In this Blog post, our grantee Pamoja Trust shares insights on how partnerships with community leadership, CBOs, and government institutions are framing responses to COVID-19 in Kenya

The opinions expressed herein are solely those of the author(s) and do not necessarily reflect the official views of Cities Alliance or its members


Blog authored by Sam Olando, Executive Director, Pamoja Trust*


The outbreak of the novel coronavirus (SARS-CoV-2) worldwide has highlighted the vulnerabilities of people in informal settlements, particularly in the Global South. Disparities in the availability of basic water and sanitation services among urban populations, as well as in the dissemination of crucial information about the pandemic can profoundly affect not only wellness management, but the critical measures necessary to combat COVID 19.

In response to this urgent situation, Pamoja Trust, a civil-society organization based in Kenya, is facilitating the flow of both water and information to residents of informal settlements in Nairobi and Mombasa.

Hand washing station dispensed at Toi Market in Kibera, Nairobi by Pamoja Trust and Muungano wa Wanavijiji (Photo by Edwin Gichuki, Pamoja Trust, 2020)


WASH solutions in informal settlements

One of the dangers in addressing the effects of COVID 19 in informal settlements has been the commercialization of access to basic services. Pamoja Trust has therefore engaged with water service providers across 10 counties in developing approaches to ensure that water is treated as a right and that the provision of water services to settlements is not commercialized.

Pamoja Trust has also partnered with the Nairobi Water and Sanitation Company (NAWASCO), to install water tanks in various settlements, such as Korogocho, Kibra, Dagoretti, and Kangemi, to actualize the WASH protocols developed by the Ministry of Water, Sanitation and Irrigation. To this end Pamoja Trust intends to ensure that the installed water tanks are connected to main water trunks for the steady supply of water to people in informal settlements.

Similar partnerships have been sought with Mombasa Water Company and water experts. Preliminary discussions have also been held with the County Government of Mombasa to entrench Delegated management model (DMM) toward sustainable water supply in the informal settlements.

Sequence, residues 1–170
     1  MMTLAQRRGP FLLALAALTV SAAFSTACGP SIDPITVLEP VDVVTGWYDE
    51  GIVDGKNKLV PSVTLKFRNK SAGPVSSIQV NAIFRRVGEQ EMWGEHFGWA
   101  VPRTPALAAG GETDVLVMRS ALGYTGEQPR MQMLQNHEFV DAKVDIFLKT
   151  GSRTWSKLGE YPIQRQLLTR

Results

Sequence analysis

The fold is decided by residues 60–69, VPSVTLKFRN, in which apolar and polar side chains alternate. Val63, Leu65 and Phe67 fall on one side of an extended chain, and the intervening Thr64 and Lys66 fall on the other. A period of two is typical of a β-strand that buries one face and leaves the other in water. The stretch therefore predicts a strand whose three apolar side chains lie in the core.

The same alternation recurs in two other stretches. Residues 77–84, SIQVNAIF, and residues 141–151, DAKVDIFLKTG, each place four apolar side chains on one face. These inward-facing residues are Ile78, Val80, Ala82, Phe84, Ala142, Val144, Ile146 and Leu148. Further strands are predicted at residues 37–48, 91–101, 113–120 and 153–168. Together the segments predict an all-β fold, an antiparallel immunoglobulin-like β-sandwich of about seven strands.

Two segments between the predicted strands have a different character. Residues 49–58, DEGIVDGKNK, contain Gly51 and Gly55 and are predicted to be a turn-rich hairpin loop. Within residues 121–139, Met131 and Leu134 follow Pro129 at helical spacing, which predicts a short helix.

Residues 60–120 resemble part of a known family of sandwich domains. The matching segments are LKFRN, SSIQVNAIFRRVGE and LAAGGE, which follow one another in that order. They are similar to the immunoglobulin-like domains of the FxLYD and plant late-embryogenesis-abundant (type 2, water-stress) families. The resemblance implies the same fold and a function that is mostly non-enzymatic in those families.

Pamoja Trust has also partnered with the Council of Governors (CoG) to develop guidelines that view the provision of water services as a right and guard against commercialization tendencies. This has been further entrenched in the monitoring framework developed jointly with the CoG and the Ministry of Water, Sanitation and Irrigation. Significantly, a recent communique from the Ministry of Water, Sanitation and Irrigation to the CoG outlines protocols and guidelines for water supply and the provision of sanitation services.  Included is the specification that water be supplied to informal settlement free of charge for three months.


Disseminating information on COVID 19


Strategic forum with women from Muslim Informal Setllement.jpeg
Information dissemination session between Pamoja Trust and settlement leadership [Photo by Edwin Gichuki, Pamoja Trust, 2020]


Access to verified and accurate information regarding COVID 19 is essential for all citizens, including residents of informal settlements, and particularly about policies implemented in response to the pandemic. Pamoja Trust has thus partnered with community leadership, CBOs, and social movements to strengthen access to online information through platforms such as WhatsApp and Google Groups. These efforts are also being made to help strengthen and entrench the inherent right to information as an inalienable right, especially in crises such as the COVID 19 pandemic.